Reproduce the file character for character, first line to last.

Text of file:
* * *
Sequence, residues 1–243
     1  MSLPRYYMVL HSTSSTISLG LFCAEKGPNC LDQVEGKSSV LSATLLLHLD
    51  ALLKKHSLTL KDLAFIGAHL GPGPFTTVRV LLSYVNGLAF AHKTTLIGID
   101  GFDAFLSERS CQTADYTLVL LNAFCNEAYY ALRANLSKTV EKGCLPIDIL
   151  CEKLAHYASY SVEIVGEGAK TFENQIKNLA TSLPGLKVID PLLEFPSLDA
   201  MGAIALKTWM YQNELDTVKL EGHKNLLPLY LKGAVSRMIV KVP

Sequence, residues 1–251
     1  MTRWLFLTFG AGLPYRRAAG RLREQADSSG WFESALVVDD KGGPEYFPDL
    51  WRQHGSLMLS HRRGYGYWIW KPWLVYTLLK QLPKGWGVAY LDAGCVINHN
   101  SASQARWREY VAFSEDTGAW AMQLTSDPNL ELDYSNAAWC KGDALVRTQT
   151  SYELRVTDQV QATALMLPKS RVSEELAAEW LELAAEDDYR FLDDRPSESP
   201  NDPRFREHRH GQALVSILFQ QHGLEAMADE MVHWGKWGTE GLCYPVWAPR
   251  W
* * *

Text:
Sequence, residues 1–243
     1  MSLPRYYMVL HSTSSTISLG LFCAEKGPNC LDQVEGKSSV LSATLLLHLD
    51  ALLKKHSLTL KDLAFIGAHL GPGPFTTVRV LLSYVNGLAF AHKTTLIGID
   101  GFDAFLSERS CQTADYTLVL LNAFCNEAYY ALRANLSKTV EKGCLPIDIL
   151  CEKLAHYASY SVEIVGEGAK TFENQIKNLA TSLPGLKVID PLLEFPSLDA
   201  MGAIALKTWM YQNELDTVKL EGHKNLLPLY LKGAVSRMIV KVP

Sequence, residues 1–251
     1  MTRWLFLTFG AGLPYRRAAG RLREQADSSG WFESALVVDD KGGPEYFPDL
    51  WRQHGSLMLS HRRGYGYWIW KPWLVYTLLK QLPKGWGVAY LDAGCVINHN
   101  SASQARWREY VAFSEDTGAW AMQLTSDPNL ELDYSNAAWC KGDALVRTQT
   151  SYELRVTDQV QATALMLPKS RVSEELAAEW LELAAEDDYR FLDDRPSESP
   201  NDPRFREHRH GQALVSILFQ QHGLEAMADE MVHWGKWGTE GLCYPVWAPR
   251  W